Friday, April 18, 2014

Back on the Bus to Boston

“Sometimes it’s hard to see – or accept – the runner that you’ve become,” my coach said last week. It was our weekly touch base and I opened up that, well, the race was getting awfully close, and therefore very real, and some self-doubt had begun to creep in. For the past 16 weeks, we’d been fashioning the sword, holding it to the fire, shaping it with a hammer, and finally putting the finishing edge on it. “Even though your body can and has hit the times, it’s difficult to wrap your head around the fact that you can indeed run that fast. For that long,” he encouraged, and I nodded along. “Go look at your log for this Boston cycle and then look at last year’s.”

And so, I returned to my neat rows of boxes, meticulously filled with miles and times. Each cell told a small part of the larger story of this year’s Boston buildup. The casual observer would see a steady increase in mileage with an equally steady drop in pace.

They would read four weeks that ended with 90 and that those 75 mile “down” weeks were, just one year ago, nearly peak mileage.

They would see six weeks that ended with a 20+ mile run. And that when strung together, the month of March totaled 384.2 miles.

But they wouldn’t know that for most of those runs, I would slip into the still early morning darkness and slice through the cold or flow with (or against) a bitter wind. That some mornings I would return to the warm embrace of our house, unzip my jacket, and find that my sweat had frozen and fallen to the floor.

That when I needed it most, I found encouragement in the rarest of places, like when I was the only asshole out in a snowstorm, the sleet stabbing at my cheeks 4.5 miles into a 9 miler and a cab pulled up next to me, the driver rolled down the window and shouted, “You’re killin’ it, man!”

That instead of running an easy five the day after a 22-miler, I would get to pace my dad through an 8K and cross the finish line with him. Or that my mom would simply ask each week, "How's the running going?"

That my running partner, Rohan, and I would forge a deeper connection clicking off long run miles together, often times saying not a word to one another but finding motivation and comfort by just having another person to suffer with, as we discovered the darkest shades of exhaustion.

That my wife would be my biggest supporter, and that her simple words of, “I’m proud of you,” would carry me through my blackest moments.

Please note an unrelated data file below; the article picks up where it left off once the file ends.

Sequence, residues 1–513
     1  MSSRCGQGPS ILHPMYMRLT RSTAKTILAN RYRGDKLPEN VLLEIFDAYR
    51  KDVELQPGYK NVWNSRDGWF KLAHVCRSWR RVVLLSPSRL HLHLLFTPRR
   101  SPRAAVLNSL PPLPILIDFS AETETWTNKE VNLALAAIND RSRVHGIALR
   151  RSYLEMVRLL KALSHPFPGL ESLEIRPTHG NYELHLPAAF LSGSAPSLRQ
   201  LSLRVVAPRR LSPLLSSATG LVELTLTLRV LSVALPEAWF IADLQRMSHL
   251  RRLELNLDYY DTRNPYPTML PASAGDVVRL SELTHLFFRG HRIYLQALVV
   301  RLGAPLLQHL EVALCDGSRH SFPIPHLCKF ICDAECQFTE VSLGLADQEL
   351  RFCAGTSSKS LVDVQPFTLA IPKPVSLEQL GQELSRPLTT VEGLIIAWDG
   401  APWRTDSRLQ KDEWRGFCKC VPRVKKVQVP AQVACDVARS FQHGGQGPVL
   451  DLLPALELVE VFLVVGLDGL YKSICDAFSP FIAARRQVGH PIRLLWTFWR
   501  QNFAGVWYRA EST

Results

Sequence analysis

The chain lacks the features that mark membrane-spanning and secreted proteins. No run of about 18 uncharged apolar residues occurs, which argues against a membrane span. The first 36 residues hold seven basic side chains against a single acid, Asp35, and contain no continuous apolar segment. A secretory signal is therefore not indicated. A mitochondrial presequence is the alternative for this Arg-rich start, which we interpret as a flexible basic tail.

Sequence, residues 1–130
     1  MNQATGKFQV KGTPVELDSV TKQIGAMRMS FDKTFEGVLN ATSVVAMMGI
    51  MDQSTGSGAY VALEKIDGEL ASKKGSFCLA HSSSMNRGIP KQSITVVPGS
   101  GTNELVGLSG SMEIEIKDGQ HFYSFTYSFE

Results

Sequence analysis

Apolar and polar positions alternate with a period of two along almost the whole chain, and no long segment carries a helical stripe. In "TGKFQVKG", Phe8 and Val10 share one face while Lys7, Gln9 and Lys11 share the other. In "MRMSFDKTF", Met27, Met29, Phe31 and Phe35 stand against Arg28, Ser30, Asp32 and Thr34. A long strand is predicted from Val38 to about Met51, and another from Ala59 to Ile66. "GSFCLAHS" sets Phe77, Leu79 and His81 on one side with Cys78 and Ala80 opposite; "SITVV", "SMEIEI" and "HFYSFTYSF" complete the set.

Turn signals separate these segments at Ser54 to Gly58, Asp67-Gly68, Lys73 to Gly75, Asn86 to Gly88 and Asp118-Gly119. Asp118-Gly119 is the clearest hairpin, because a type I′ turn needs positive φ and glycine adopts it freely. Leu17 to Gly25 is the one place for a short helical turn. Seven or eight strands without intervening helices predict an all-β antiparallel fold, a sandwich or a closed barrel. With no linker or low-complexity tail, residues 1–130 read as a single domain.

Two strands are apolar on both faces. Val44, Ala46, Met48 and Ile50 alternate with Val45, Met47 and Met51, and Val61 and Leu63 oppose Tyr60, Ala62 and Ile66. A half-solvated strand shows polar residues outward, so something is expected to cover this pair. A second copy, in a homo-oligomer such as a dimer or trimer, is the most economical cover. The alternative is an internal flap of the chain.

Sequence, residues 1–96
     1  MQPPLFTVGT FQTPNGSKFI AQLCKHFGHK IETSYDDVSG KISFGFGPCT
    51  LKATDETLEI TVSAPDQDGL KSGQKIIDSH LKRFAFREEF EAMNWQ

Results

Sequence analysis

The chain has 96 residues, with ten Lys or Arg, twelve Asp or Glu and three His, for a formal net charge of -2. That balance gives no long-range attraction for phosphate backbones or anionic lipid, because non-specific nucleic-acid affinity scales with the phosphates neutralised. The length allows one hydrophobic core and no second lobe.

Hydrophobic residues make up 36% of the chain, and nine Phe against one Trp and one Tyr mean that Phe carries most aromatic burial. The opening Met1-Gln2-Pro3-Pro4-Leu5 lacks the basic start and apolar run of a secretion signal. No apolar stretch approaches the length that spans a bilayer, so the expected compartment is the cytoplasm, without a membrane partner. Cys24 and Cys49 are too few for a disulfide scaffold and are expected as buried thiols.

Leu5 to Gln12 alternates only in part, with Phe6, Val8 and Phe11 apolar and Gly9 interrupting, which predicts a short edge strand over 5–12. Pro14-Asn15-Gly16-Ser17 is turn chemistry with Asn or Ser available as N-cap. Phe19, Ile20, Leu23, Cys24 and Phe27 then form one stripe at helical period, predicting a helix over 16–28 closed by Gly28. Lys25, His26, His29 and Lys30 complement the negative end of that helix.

And in the background of all this, the ghosts of last year’s Boston still haunted my subconscious and peeked out when I least expected them to, but were there all the same, a reminder of the people we were back then and how we chose to soldier on.

I reached the top row of my calendar, brimming with these memories, and I started to believe again.

Because the promise that “we will run again…[and]…finish the race” is nearly upon us. The memories I swore I would hold onto after last year’s race inevitably drifted off in the current that carries our life. But with just days to go and the world’s focus turning rightly back to Boston again, those memories, and even those tears, have come flowing back. Seeing the TV specials, the articles, the videos, the social media posts, my emotions stir and I just want to hop on the plane and get to Boston to soak it all in and be part of it again.

Rohan and I texted one another this past week, and he correctly summed up Monday’s race: “We’re about to learn something new about ourselves. I can’t wait.”

Each race is a new opportunity to reach into the depths of ourselves and discover what we can endure. Running’s philosopher George Sheehan wrote, “[The runner] accepts his body, perfects it and then seeks out suffering, and finds beyond suffering the whole man.”

After Boston last year, we had to find out what we could endure beyond the finish line. And it turns out, quite a lot.

And so, I will run to honor those who lost their lives and limbs. And the selfish runner in me runs to honor the many hours and miles that have gone into prying myself open to prepare for this special event.

I may not recognize the runner I’ve become yet, but am I ready to discover him?

I can’t wait.
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